Sheetrock a ceiling with uneven joists

I am having the kitchen ceiling replaced in a old house that I bought and that I will be renting out. The old ceiling has been taken down and what is left is the ceiling joists. It used to be a wood lath and plaster ceiling. I can see where they used some strips of lath to pack out the uneven joists when they first installed the original ceiling.
The ceiling joists are uneven -- not by a whole lot, but maybe as much as half and inch difference between the various joists. I want to have a new sheetrock ceiling put in and do not want a dropped ceiling.
I was assuming that the way people usually install new sheetrock ceilings is to raise the sheetrock up to the joists and pack out any spaces between the joists that are too high and the sheetrock so the sheetrock will be flat. Is that what contractors usually do?
The guy I have who will probably put up the new ceiling suggested buying steel studs and sistering them along the existing joists in a way so that the bottoms of all of the steel studs form a flat, level, and even surface. Then mount the sheetrock to the steel studs.
Is that what contractors sometimes or usually do in this type of situation? I never heard of that before, so I thought I'd check here to see what others think about this approach.
Thanks.
Add pictures here
<% if( /^image/.test(type) ){ %>
<% } %>
<%-name%>
Add image file
Upload

A variation of 1/4" would not be noticed if you did nothing. All 2x material has some crowning.
I can assure you that no one shims the board after it is hung. :)
I have never used steel studs for this but it should work.
How you go about this depends on how many joists are off. If most are low and relatively level I would simply rip up some scrap plywood in 1/4, 3/8 and 1/2" thickness' to a width of 1.5" and secure the correct thickness to the bottom of the high hangers until I had all the joists within a nominal 1/8" level plane.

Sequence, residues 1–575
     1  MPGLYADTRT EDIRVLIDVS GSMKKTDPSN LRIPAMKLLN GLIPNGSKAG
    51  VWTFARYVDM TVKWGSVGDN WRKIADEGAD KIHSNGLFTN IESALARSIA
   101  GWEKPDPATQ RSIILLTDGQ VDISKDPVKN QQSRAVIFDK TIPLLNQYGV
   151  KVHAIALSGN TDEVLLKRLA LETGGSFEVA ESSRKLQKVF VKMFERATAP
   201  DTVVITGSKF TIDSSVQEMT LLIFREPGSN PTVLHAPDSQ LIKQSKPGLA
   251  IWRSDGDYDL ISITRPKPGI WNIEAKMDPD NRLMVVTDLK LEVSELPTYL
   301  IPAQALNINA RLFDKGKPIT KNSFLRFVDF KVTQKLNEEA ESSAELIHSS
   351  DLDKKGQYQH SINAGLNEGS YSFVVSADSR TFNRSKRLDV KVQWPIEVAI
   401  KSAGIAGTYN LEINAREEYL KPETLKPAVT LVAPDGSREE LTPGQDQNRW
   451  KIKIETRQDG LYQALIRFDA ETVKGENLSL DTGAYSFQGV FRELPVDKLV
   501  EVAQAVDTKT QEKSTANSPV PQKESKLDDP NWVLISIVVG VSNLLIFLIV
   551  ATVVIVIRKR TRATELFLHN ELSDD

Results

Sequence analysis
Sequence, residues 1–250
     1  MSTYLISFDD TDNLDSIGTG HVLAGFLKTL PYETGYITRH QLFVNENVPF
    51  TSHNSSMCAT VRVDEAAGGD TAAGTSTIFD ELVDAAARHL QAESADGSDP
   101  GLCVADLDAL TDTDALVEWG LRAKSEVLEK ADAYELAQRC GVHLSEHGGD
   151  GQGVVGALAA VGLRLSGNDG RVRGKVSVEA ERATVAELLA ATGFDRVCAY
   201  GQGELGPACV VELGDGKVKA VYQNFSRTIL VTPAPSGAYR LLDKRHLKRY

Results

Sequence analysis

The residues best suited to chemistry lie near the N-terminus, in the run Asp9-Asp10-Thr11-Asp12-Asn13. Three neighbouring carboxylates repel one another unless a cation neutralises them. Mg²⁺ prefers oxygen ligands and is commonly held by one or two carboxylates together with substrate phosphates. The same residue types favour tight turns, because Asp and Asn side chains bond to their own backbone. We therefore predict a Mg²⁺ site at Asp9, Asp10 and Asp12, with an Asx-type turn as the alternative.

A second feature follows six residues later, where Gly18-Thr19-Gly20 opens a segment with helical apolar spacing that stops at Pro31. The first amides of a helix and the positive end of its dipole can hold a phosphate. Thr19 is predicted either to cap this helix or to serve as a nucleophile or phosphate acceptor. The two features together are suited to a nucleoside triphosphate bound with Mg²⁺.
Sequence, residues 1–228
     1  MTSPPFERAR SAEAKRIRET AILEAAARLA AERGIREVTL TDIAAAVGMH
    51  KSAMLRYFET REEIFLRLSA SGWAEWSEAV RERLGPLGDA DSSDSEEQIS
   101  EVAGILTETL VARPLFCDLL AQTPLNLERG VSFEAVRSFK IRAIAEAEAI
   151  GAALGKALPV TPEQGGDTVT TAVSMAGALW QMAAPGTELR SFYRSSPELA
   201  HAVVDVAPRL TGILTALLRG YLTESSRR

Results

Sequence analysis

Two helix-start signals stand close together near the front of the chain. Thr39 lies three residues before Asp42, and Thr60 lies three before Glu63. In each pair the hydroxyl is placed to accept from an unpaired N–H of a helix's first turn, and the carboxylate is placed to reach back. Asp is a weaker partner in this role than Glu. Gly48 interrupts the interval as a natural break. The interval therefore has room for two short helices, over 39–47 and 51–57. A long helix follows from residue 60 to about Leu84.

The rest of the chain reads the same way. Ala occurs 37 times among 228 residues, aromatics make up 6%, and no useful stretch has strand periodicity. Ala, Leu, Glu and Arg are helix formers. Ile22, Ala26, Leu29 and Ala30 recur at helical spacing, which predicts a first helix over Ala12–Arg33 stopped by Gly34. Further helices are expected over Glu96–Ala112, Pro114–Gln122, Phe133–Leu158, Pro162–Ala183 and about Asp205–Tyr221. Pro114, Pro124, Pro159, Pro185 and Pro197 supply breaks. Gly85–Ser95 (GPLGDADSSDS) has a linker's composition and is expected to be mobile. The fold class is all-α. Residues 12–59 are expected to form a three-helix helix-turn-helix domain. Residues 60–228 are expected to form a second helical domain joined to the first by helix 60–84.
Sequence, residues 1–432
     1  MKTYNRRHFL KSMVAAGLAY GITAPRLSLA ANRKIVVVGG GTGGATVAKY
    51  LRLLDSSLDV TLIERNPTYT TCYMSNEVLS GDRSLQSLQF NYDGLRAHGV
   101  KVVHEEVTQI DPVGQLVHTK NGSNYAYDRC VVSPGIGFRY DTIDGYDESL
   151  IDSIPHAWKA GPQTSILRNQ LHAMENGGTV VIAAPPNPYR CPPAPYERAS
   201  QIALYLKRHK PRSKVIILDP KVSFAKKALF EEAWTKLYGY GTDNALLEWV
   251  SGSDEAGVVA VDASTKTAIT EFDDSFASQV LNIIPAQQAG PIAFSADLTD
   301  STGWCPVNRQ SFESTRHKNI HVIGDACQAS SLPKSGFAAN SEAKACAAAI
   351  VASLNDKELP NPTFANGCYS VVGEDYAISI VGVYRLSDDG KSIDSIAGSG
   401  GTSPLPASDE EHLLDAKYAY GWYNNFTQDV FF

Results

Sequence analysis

The nails and screw used to hold the drywall in place will still have plenty of bite into the old solid joist.
This method may take a bit more time but is easily done by one person using scrap material.
Colbyt
Add pictures here
<% if( /^image/.test(type) ){ %>
<% } %>
<%-name%>
Add image file
Upload

I agree with Colbyt and would be leary of using steel studs. Unless they are different from the ones I have seen I can't imagine them having the strength to prevent sagging. Maybe they make steel studs just for this purpose...
Add pictures here
<% if( /^image/.test(type) ){ %>
<% } %>
<%-name%>
Add image file
Upload
They wouldn't have to be steel. You can do the same thing with 2x4's.
OR you can run 1x2's perpendicular to the joists, shimming where necessary, then screw the sheetrock to those. That's done a lot where the plaster is left on a sagging ceiling to make the new false ceiling flat.
s

Add pictures here
<% if( /^image/.test(type) ){ %>
<% } %>
<%-name%>
Add image file
Upload
I would say 1x3s or steel hat channel perpendicular to existing joists. then you can shim where they cross the joists and are uneven. Will drop the ceiling less than an inch.
nate
wrote:

Add pictures here
<% if( /^image/.test(type) ){ %>
<% } %>
<%-name%>
Add image file
Upload
Thanks all. I just talked with the person who is going to do the work and we are going to skip the idea of using steel studs. Instead, he'll pack out the joists where needed as Colbyt suggested and then hang the drywall.
I'm glad I asked the question here. Something about sistering steel studs along the existing joists didn't seem quite right to me. Maybe it would work, but it certainly doesn't sound like a common practice. I know people sometimes run 1x3's across the joists and shim where needed, but I didn't want to do that either.
RonABC wrote:

Add pictures here
<% if( /^image/.test(type) ){ %>
<% } %>
<%-name%>
Add image file
Upload
RonABC wrote:

It is standard practice, steel studs are straighter and lighter than wood studs or strapping, and installing them is about 100X faster than trying to shim out the existing joists. I believe I've seen the technique written up in Fine Homebuilding and many other places.
Add pictures here
<% if( /^image/.test(type) ){ %>
<% } %>
<%-name%>
Add image file
Upload
Pete C. wrote:

Well, that sure is interesting! Thanks.
I did a Google search and found the Fine Homebuilding article:
http://www.taunton.com/finehomebuilding/pages/h00121.asp
Add pictures here
<% if( /^image/.test(type) ){ %>
<% } %>
<%-name%>